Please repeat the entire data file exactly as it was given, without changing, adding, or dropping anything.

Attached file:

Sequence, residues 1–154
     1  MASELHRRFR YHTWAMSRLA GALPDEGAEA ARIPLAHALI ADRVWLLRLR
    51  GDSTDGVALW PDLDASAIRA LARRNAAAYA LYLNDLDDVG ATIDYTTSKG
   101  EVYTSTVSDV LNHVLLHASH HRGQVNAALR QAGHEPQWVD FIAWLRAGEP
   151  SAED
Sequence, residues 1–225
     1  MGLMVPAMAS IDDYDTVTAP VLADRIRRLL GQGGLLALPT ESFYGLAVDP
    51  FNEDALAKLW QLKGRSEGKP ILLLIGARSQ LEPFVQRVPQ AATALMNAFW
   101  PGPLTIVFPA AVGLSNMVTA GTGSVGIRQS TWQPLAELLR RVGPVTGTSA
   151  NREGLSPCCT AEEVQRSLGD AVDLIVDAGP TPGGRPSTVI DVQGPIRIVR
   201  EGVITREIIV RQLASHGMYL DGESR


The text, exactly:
Sequence, residues 1–154
     1  MASELHRRFR YHTWAMSRLA GALPDEGAEA ARIPLAHALI ADRVWLLRLR
    51  GDSTDGVALW PDLDASAIRA LARRNAAAYA LYLNDLDDVG ATIDYTTSKG
   101  EVYTSTVSDV LNHVLLHASH HRGQVNAALR QAGHEPQWVD FIAWLRAGEP
   151  SAED
Sequence, residues 1–225
     1  MGLMVPAMAS IDDYDTVTAP VLADRIRRLL GQGGLLALPT ESFYGLAVDP
    51  FNEDALAKLW QLKGRSEGKP ILLLIGARSQ LEPFVQRVPQ AATALMNAFW
   101  PGPLTIVFPA AVGLSNMVTA GTGSVGIRQS TWQPLAELLR RVGPVTGTSA
   151  NREGLSPCCT AEEVQRSLGD AVDLIVDAGP TPGGRPSTVI DVQGPIRIVR
   201  EGVITREIIV RQLASHGMYL DGESR